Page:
If you missed it, I’m pregnant. I’m feeling all the things you imagine I’d be feeling and more. Then amplify those ideas infinitely. I never knew such joy and anxiety could swirl together like a perfectly made PB&J sandwich. It’s a delicious nostalgia of youthfulness, but also all that sugar in the jam, the peanut butter can make the mouth feel dry, and bread is starchy AF.
I have a lot of things I want to say about pregnancy. A lot. Learning about pregnancy made me reflect on laws about what I’m supposedly allowed to do with my body, realize shamefully how little I understand my body in general, and how ignorant I was about pregnancy, which is the most epic thing a human body can do. Have you ever let your mind be blown by the fact that women’s bodies create life?! It’s happening to me and it’s still the most surreal thing I’ve ever experienced! Hot damn.
Women’s Rights to Their Bodies.
I can’t believe I have to add a disclaimer, but remember pro one thing doesn’t mean anti something else: as pro-black isn’t anti-white or pro-feminism isn’t anti-men, pro-natural/vaginal birth isn’t anti-hospital/medicated birth. I believe in all of our rights to choose what to do with our bodies, even the things that challenge my upbringing, traditions, and beliefs/“religion” (the laws of nature and the universe is my religion, one could say). There is no shame in going to the hospital or using drugs.
I knew right away I didn’t want to have a hospital birth and that I didn’t want to use drugs. If I HAVE to do one or both, I will, but I needed to know more about what we did before hospitals and how and why other animals continue to give birth without medical intervention. I was scared of a home birth even though I grew up watching TV where hospital births looked traumatic enough for me to not want children. I thought the safest place was to be around an obstetrician (obstetrics is medicine and surgery concerned with childbirth and the care of women giving birth) in a hospital along with nurses and machines, but I realized quickly it was all fear based because I had no knowledge to make an otherwise decision.
Traditionally, pregnancies were handled by midwives or other ‘wise women’ and were not considered a ‘medical condition’. Since the rise of mainstream medicine, we have seen a shift from this traditional pattern to pregnancies monitored and even controlled by physicians.Dr. Robert Morse, N.D., D.Sc., M.H.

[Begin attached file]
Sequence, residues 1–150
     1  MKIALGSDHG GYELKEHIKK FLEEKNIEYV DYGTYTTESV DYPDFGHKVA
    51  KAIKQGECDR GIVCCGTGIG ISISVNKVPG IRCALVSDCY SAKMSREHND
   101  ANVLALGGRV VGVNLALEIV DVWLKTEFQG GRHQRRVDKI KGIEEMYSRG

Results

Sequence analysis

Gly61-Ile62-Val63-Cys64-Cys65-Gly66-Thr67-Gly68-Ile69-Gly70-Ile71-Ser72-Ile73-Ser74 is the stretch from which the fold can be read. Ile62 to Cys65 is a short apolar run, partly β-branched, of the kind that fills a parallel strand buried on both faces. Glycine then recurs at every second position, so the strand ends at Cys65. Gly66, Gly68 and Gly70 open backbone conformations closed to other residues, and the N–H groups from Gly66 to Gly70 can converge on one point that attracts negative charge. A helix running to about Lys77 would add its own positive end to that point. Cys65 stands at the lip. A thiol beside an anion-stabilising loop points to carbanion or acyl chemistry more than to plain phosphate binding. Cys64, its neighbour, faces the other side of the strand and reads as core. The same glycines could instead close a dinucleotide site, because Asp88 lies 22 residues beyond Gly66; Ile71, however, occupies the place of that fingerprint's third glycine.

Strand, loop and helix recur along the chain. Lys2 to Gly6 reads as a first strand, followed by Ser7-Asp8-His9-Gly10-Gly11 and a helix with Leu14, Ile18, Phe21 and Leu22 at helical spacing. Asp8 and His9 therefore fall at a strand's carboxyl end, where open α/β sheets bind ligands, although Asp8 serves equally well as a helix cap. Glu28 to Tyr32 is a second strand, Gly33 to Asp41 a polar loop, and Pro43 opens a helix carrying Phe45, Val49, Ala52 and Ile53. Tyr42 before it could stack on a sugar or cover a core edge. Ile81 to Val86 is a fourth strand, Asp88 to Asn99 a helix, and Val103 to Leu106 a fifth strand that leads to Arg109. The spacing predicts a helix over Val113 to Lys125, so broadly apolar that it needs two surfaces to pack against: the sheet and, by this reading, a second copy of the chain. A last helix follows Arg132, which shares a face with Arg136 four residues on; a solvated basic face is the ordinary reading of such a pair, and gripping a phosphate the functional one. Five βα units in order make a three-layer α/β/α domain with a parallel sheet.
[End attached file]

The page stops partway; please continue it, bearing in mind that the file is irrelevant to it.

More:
How does this correlate? Given the anti-choice laws about women’s rights to their bodies, especially the recent US abortion ones, I feel this is an excellent opportunity to share how women never had full autonomous reproductive health rights, just the illusion of it. It’s even weirder to think the rights to our bodies can be governed by anyone but ourselves…
“A series of events between 1910 and 1920 set the stage for doctors to usurp the traditional role of the midwife and laid the foundation for a pathology-oriented medical model of childbirth in this country. Two reports on medical education, published in 1910 and 1912, concluded that America’s obstetricians were poorly trained. To improve obstetrics training, one report recommended hospitalization for all deliveries and the gradual abolition of midwifery.”ourbodiesourselves.org
I ’d suggest reading the entire article if you’re more curious as well as Ina May Gaskin’s “Guide to Childbirth”, the latter especially if you want or are having a child because I can’t go over all the things and you should do your own research.
Then and Now.
Particularly in the US, seeing a midwife is… weird. I haven’t told anyone I’m using a midwife because I imagined I’d be seen as a bad mother already. In other “first world” countries, midwives attend more births and outnumber obstetricians vastly. By objective stats and subjective gut feelings, midwifes are still doing better.
Pregnancy is viewed as more of a pathology, an illness, than a natural process wherein women’s bodies are incapable of naturally giving birth without medical assistance. After all the research I’ve done, it makes sense some 46 years later, the right to choose abortion was reneged. The way society (plus its president) sees women (un)naturally results in rights lost, rights that should have never made it into man’s law in the first place. Or at the very least, women could have been informed and not be fed misinformation. Our bodies innately know what to do, but a lot of us have lost trust in our bodies and somehow the decision is now political.
Some say vote, but why is it even on the ballot? Some say abstinence will solve the problem, but that’s anti-choice and rape happens. Some say give free birth control but forget the most natural birth control is free as you can only get pregnant 6 days a month, that is if your period is regular and your body cooperative. Some say teach proper sex ed, which won’t solve the entire problem. Others say why aren’t men held accountable in any legal fashion, but why don’t we also keep them accountable right before sex? Also, men lie, we all do at times to get what we want. Some are asking will the government help these babies they want women to keep and some are mentioning the hypocrisy of murdered immigrant children but forget this isn’t actually about babies. There’s a lot being said and lots to be counter-said.
As far as I can tell, history has mostly been unkind to women. Women’s rights to their bodies have mostly been dictated by men. We’re “given” freedom, it’s taken, we make progress, it’s taken again, and then history is repeat in some way. I wish to present my grand solution, but it doesn’t matter because it’s your choice to do what needs to be done, or nah.